Q&A - Are Police Qualified to Decide on Noisy Exhausts?

Q&A ImageIs a Police officer also an inspector under the motor vehicle regulations? For noisy exhausts it is the opinion of the inspector that seems to critical in determining whether the vehicle exhaust is too noisy.

So it would be great if a police officer could issue a ticket or a notice to correct just based on their opinion, which should be just more useful than trying to do decibel testing.

We have all heard all sorts of vehicles go by that have proper mufflers and it is obvious when a vehicle is louder than it comparable vehicles with good mufflers. 

27 A motor vehicle shall be equipped with an exhaust muffler which complies with section 7.03 of the regulations.

The opinion of an inspector as to whether the engine and exhaust noise is greater than that made by other vehicles in good condition of comparable size, horsepower, piston displacement or compression ratio shall determine whether exhaust gases are expelled with excessive noise.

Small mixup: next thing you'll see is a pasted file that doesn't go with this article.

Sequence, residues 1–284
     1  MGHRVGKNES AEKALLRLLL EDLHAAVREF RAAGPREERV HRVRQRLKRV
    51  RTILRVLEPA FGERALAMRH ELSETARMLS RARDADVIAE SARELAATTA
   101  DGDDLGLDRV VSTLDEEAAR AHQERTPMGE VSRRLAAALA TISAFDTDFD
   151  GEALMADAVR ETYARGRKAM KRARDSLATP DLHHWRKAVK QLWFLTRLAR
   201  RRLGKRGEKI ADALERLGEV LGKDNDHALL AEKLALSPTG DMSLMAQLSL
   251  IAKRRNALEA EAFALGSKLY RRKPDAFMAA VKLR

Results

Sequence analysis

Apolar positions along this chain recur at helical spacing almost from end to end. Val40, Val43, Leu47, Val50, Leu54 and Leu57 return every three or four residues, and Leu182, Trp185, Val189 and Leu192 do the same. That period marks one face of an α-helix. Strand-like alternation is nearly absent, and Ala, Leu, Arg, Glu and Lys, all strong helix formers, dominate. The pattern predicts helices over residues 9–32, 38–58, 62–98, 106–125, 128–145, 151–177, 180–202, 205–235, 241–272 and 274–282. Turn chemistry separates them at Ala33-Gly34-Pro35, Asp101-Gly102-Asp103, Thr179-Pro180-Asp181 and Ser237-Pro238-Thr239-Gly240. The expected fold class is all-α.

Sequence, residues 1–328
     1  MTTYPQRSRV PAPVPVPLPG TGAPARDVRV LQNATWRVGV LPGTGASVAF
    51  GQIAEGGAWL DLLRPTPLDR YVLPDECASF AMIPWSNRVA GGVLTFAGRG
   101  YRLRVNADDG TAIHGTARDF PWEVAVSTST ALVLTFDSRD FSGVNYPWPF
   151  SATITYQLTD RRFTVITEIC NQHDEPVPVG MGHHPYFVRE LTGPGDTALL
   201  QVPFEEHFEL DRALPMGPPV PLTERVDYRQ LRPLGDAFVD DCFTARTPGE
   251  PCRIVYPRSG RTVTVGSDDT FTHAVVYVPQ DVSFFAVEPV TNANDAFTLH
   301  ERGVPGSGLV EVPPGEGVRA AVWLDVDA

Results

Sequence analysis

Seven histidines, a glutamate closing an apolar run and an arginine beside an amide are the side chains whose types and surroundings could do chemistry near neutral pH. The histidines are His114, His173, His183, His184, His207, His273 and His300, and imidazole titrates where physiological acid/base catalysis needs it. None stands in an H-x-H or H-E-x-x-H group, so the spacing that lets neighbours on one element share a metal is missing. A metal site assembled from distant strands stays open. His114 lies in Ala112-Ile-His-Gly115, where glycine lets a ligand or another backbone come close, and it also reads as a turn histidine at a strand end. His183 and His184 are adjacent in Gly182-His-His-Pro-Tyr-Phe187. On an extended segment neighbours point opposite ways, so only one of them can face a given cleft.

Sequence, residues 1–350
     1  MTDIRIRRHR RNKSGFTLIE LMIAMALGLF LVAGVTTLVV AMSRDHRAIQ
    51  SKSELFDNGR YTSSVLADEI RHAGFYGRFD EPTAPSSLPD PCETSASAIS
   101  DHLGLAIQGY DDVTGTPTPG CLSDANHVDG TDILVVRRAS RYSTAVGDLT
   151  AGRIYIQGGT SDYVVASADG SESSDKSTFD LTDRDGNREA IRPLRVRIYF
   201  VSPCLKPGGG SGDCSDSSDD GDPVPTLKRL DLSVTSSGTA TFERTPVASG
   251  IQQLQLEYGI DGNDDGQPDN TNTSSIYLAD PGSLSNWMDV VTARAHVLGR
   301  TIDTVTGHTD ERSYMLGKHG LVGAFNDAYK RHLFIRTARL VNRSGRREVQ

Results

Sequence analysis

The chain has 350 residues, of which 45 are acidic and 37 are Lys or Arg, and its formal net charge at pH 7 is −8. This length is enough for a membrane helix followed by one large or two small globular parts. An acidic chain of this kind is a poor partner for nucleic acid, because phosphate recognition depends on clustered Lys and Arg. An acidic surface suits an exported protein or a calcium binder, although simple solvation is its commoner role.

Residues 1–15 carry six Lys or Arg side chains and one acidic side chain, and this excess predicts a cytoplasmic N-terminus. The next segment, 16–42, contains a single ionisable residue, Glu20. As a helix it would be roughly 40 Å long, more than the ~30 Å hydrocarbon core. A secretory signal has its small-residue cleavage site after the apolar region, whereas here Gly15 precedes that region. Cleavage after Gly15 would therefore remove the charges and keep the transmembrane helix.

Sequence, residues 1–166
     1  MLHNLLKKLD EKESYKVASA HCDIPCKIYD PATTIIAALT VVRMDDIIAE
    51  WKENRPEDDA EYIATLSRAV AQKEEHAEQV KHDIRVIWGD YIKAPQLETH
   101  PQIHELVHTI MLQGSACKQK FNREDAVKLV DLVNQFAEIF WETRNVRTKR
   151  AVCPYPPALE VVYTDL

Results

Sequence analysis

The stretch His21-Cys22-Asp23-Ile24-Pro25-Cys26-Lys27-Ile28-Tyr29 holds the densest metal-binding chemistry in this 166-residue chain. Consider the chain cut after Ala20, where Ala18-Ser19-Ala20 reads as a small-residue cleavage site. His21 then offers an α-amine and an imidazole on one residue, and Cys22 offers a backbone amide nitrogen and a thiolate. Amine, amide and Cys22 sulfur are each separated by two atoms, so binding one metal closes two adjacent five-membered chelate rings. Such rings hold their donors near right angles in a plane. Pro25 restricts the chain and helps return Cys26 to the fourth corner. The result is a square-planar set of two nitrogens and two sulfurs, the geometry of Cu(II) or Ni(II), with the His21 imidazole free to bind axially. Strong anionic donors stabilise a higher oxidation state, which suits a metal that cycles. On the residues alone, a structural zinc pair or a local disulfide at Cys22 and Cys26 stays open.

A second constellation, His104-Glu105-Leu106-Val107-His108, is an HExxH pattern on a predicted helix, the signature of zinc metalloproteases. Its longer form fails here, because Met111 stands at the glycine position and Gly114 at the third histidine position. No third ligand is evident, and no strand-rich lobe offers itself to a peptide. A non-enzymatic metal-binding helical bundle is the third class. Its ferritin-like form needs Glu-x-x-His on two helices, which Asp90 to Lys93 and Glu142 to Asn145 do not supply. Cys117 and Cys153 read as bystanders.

Yes, the courts may accept the police officer's opinion as it would that of an inspector in a Designated Inspection Facility. The term "inspector" is not defined in the Motor Vehicle Act Regulations or it's parent Motor Vehicle Act. This means that the dictionary definition of the word is acceptable.

Now we come to the difficult part, and that seems to be having the courts accept the testimony of the inspector and convicting on it. I know from past experience that this is very difficult to do. There does seem to be more success if a sound measuring device is used but they are not common tools used in traffic policing.

Rather than go through it all yet again, I will just link to all the articles on this site that have to do with vehicle exhaust noise.

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